Given the Weimar hyperinflation took place in 1923 and the Nazi party didn't get to power until 10 years later after the world depression took hold, that's not a particularly convincing thesis. It has merit in that middle classes voters are said to have lost their savings as a result of inflation but it is only a left wing myth that the Nazis were a party of the middle classes. Extensive research of voting patterns shows that they received votes across the spectrum.

Anonymous said...

Im only saying that each crisis opens the way for one group and that in turn opens the way for another. There doesnt have to be a big plan or anything.

Britain and America were far more white and nationalistic in WW2 than today and yet they defeated the Nazis.

Anyone suggesting - in the mainstream - today that we become more white and more nationalistic is denounced as a Nazi, but who defeated the Nazis?

Edward said...

Can't comment on your post above - but David Cameron seems to be thinking what you're thinking re the Matthews' clan.

Anonymous said...

No doubt a little late, but the idea that it's a left wing myth that the Nazis largely drew their support from the middle classes really must be challenged. There are studies too numerous to mention which show that the bedrock of Nazi support was the lower-middle class of shopkeepers and small farmers. Of course, they did have support across the social spectrum, but it was here that the bulk of it came from. For further evidence, simply consider the social back-grounds of the leading Nazis; consider too which political parties' lost most support to them in the run-up to their take-over, namely the parties of the centre - those of the middle-classes who had previously supported the Weimar Republic.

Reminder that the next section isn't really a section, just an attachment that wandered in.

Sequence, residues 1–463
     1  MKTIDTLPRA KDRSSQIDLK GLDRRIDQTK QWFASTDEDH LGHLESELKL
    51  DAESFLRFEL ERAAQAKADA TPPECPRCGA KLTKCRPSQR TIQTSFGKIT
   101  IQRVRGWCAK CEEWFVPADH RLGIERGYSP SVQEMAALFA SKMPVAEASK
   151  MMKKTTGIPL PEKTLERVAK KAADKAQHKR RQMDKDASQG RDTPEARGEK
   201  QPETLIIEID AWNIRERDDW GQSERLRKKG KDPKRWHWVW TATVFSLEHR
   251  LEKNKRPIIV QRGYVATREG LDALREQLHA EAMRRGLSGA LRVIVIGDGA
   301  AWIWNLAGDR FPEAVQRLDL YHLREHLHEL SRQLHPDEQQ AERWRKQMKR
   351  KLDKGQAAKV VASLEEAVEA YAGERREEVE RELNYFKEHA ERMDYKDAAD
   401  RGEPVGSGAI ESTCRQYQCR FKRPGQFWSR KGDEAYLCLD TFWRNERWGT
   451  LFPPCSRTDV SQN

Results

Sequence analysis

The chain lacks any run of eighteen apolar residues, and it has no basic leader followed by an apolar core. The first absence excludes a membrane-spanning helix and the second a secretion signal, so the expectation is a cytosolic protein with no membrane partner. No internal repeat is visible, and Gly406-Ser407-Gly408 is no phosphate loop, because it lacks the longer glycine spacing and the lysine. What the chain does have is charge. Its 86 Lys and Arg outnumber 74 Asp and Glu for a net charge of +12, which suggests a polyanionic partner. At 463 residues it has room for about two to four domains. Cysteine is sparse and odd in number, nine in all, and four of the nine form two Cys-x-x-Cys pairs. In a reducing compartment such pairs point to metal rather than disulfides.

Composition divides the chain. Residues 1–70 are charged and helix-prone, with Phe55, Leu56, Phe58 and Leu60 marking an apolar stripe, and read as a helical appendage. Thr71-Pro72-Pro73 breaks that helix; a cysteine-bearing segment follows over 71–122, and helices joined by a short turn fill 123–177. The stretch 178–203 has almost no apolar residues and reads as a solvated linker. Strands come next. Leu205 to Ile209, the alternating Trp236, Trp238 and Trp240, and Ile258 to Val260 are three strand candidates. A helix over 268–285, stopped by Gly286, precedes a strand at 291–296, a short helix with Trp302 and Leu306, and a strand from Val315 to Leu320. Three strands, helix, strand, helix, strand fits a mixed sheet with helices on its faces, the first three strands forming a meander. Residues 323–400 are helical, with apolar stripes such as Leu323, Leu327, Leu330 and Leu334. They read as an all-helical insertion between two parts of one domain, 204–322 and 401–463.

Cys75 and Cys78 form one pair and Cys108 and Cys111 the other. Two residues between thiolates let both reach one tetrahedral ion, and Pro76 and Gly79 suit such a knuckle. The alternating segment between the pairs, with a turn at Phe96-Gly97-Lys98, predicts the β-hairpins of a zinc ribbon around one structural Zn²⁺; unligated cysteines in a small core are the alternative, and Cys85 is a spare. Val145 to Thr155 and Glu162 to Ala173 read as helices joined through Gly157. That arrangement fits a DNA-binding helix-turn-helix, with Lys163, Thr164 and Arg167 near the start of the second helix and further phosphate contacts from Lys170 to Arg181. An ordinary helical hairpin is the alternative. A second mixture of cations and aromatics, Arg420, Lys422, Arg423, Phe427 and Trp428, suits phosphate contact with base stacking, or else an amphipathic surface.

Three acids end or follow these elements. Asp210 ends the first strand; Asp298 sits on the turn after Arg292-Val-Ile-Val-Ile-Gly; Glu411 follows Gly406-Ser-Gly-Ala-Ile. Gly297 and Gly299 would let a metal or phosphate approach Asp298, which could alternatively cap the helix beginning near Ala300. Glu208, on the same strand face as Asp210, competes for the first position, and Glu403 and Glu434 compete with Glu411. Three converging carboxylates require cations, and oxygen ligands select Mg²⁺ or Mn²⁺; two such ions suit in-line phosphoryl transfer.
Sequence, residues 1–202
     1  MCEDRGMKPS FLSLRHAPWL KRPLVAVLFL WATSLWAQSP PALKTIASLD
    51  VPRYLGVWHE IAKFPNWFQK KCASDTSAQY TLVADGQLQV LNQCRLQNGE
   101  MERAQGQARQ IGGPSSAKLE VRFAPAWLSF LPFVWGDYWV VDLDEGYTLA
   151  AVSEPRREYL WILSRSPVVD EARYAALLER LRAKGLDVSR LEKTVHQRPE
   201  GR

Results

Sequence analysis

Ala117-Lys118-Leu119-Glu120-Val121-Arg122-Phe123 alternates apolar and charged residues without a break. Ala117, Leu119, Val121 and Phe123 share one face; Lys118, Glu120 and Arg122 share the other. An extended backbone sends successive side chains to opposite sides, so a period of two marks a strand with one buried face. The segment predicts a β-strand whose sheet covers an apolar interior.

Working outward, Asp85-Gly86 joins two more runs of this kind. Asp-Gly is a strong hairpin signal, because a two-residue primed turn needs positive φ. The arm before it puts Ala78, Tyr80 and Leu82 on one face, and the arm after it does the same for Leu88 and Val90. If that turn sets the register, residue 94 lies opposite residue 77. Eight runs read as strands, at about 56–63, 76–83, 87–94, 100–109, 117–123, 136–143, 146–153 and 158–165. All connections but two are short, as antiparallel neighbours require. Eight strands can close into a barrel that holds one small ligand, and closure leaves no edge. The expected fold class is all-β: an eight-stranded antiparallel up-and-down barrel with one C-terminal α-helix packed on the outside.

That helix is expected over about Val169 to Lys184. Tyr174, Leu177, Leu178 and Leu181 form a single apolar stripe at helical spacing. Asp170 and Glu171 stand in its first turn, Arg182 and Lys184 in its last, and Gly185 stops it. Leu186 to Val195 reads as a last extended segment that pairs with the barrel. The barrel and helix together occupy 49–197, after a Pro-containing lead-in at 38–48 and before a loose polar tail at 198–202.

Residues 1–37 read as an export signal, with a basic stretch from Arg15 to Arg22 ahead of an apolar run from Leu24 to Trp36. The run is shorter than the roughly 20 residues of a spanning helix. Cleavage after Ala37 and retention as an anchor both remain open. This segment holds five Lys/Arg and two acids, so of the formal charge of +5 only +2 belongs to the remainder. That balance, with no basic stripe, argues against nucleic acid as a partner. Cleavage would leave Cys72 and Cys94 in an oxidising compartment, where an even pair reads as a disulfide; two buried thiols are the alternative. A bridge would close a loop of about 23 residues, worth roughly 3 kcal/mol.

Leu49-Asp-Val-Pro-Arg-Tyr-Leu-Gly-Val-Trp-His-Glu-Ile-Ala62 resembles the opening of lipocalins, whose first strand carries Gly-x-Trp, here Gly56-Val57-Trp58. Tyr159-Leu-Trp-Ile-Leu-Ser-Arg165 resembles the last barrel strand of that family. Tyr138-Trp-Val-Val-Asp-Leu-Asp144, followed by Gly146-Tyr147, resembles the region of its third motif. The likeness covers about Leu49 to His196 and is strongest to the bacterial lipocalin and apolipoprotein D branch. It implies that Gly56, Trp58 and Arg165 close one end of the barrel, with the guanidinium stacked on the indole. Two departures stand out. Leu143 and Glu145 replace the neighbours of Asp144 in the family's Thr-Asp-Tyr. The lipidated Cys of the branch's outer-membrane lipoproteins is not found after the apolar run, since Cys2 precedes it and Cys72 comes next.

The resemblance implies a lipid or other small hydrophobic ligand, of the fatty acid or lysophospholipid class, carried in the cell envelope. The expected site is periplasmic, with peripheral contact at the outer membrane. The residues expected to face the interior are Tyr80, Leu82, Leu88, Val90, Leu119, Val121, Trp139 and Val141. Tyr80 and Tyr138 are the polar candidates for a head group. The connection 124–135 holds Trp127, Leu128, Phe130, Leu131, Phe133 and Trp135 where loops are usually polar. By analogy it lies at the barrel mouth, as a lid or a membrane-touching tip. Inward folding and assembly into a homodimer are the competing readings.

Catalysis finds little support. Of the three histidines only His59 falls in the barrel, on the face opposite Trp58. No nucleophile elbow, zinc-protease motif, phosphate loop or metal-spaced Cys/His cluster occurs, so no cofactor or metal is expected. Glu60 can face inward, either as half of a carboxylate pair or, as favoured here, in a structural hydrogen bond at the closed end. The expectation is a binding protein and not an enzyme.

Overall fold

As for who benefits most from hyperinflation - indebted holders of real, productive assets, such as land, buildings and machinery. So get a mortgage and buy an office-block.